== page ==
Columbia University in the City of New York

Mental Landscape: How Does a Fruit Fly Stack the Survival Deck?

A decade of watching fruit flies lay eggs has revealed a means of neural control that adds flexibility to instinctive behavior

The egg-laying anatomy of a female fruit fly with nerve cells (uterine motor neurons) shown in green that help the insect adjust how she lays eggs to help her offspring survive. (credit: Kevin Cury / Axel lab / Columbia’s Zuckerman Institute).


NEW YORK – Fruit flies turn to a specific choreography when laying eggs: Proboscis extension. Walk. Bend. Burrow. Egg out. Detach. Groom. Reset. And repeat. It’s a sequence of movements you almost could imagine a dance instructor calling out during a class.

Kevin Cury, PhD, an associate research scientist in the Axel lab at Columbia’s Zuckerman Institute, has devoted the last decade to watching and recording this iconic reproductive sequence, first with his own eyes and later with AI-assisted video technology.

“Whether it’s a fruit fly laying eggs in the optimal location to ensure their offsprings’ survival or a person crossing a busy street, I want to understand how the nervous system enables organisms to do what they do,” said Dr. Cury.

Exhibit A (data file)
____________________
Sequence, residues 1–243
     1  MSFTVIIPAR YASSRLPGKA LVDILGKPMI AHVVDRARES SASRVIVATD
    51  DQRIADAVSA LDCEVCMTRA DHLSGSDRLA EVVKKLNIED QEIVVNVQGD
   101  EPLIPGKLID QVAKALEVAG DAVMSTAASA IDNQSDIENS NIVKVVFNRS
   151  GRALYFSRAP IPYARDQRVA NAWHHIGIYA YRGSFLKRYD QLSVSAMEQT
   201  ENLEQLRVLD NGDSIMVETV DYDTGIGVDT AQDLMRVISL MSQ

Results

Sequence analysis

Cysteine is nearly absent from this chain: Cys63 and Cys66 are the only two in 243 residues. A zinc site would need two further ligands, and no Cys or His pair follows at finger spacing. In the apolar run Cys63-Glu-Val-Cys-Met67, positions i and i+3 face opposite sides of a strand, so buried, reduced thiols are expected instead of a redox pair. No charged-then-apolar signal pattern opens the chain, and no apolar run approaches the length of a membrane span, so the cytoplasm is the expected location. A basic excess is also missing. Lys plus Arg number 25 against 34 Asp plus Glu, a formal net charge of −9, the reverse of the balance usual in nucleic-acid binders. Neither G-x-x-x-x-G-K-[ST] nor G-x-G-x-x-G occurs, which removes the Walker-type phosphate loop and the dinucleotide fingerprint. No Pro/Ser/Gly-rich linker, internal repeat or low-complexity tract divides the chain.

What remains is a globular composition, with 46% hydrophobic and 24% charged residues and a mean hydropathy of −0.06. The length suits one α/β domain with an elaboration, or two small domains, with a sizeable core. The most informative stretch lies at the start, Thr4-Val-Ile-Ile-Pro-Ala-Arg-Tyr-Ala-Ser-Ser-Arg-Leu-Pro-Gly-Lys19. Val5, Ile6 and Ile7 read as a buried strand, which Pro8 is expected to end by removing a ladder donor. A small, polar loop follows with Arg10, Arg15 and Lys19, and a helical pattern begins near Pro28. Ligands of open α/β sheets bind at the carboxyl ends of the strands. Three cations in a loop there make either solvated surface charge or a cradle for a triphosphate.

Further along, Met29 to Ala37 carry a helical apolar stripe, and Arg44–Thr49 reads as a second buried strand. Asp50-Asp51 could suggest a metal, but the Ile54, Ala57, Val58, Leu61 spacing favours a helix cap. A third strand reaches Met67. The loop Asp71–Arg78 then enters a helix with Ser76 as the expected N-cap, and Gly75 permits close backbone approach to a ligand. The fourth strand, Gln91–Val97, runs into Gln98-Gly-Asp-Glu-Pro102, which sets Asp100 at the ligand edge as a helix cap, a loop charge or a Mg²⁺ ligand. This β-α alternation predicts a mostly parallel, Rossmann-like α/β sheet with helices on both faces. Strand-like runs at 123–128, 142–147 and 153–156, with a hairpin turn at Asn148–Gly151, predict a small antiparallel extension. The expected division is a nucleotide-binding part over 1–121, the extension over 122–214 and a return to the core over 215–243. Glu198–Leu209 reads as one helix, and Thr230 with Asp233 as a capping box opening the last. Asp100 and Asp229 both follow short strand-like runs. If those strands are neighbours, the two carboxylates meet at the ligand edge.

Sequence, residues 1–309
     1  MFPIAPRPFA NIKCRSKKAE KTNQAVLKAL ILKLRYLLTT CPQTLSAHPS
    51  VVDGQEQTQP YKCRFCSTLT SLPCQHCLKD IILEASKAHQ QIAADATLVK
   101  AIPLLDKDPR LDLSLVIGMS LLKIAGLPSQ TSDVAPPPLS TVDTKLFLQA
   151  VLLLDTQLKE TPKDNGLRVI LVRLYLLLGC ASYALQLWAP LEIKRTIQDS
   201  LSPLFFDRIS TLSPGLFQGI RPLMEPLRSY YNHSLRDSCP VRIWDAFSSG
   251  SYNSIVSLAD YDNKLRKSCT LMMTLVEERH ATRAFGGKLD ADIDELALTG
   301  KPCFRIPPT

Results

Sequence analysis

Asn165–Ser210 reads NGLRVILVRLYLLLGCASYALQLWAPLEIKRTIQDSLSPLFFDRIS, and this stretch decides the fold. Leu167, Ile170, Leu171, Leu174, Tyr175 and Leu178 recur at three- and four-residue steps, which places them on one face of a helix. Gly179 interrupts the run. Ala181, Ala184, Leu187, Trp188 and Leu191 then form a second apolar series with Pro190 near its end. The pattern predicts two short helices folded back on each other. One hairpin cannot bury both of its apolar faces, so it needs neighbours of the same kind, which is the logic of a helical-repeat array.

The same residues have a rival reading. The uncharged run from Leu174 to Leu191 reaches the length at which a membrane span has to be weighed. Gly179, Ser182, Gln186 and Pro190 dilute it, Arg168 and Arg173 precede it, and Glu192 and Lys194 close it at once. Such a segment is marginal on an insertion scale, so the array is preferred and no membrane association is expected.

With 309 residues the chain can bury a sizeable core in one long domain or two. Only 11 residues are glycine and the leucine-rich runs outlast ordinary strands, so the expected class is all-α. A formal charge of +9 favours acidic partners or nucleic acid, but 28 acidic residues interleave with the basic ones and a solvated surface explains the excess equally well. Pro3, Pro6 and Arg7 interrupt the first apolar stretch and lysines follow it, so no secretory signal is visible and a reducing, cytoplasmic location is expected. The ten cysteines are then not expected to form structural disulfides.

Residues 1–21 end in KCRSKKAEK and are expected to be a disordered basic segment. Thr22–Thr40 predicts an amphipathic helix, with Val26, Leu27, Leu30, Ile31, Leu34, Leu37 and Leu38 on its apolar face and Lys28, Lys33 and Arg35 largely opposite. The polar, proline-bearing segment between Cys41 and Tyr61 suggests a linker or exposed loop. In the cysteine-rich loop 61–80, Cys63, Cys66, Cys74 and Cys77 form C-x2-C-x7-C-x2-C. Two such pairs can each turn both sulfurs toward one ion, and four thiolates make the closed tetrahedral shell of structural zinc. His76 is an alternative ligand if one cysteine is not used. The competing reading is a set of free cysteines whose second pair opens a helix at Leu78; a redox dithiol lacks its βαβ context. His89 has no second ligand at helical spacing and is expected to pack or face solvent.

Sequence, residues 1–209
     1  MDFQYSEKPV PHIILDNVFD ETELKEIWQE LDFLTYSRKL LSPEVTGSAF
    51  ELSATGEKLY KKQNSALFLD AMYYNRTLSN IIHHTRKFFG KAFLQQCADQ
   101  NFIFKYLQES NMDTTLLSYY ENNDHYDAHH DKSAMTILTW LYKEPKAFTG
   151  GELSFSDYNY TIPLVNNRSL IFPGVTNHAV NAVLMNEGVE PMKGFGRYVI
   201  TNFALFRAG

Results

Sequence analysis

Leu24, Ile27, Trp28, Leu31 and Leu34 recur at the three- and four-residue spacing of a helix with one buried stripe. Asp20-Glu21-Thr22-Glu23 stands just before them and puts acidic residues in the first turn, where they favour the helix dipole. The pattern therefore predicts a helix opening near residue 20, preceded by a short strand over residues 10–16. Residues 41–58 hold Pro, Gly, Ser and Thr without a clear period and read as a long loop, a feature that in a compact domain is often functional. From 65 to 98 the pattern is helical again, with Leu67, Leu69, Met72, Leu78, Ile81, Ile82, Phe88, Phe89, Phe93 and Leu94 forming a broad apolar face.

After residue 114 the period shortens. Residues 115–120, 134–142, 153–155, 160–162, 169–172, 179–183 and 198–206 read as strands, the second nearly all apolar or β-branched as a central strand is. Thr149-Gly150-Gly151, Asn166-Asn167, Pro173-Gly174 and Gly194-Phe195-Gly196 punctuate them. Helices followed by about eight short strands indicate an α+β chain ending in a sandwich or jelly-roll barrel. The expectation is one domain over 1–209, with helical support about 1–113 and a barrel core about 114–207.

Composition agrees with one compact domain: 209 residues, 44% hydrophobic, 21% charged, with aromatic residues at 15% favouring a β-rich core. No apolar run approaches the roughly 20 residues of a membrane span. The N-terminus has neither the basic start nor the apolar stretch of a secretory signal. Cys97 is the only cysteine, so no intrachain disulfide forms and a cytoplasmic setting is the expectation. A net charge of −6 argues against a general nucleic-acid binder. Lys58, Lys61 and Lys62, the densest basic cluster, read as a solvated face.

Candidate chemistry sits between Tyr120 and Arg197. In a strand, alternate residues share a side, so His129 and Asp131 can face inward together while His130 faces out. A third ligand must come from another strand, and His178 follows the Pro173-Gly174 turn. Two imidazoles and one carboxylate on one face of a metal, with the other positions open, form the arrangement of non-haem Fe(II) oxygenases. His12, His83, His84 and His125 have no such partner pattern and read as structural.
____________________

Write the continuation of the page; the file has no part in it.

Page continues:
Published today in Nature Neuroscience, the Columbia researchers share their discoveries. They found that several distinct sets of neurons, or nerve cells, confer unanticipated flexibility to the choreography of repeating egg-laying events. One of these newly identified types of neurons are CMU (Circular Muscle of the Uterus) neurons (green in the image above). These help control uterine motions that usher eggs into the fly’s egg-laying appendage, the ovipositor (magenta in the image). 

“These motor neurons are the end-point of a pivotal decision-making process that affords adaptability in the fly,” said Dr. Cury.

Should a fly push her eggs into a particular location on a surface (of a fermenting fruit, for instance) or hold off for a more beneficial spot? CMU motor neurons enact her decision, using input from touch-sensitive hairs on the ovipositor. A different set of sensory neurons can then track the real-time position of the egg as it is extruded. With this stream of information, the fly can opt to greenlight the next egg-laying cycle, or for another uterine push, or take a pause and explore elsewhere. 

Dr. Cury says these findings help to reveal basic principles underlying how organisms evolved to have flexible, survival-enhancing behaviors and choices in accordance with different or changing environments. 


To learn more, read the paper, “Flexible neural control of transition points within the egg-laying behavioral sequence in Drosophila,” published today in Nature Neuroscience.

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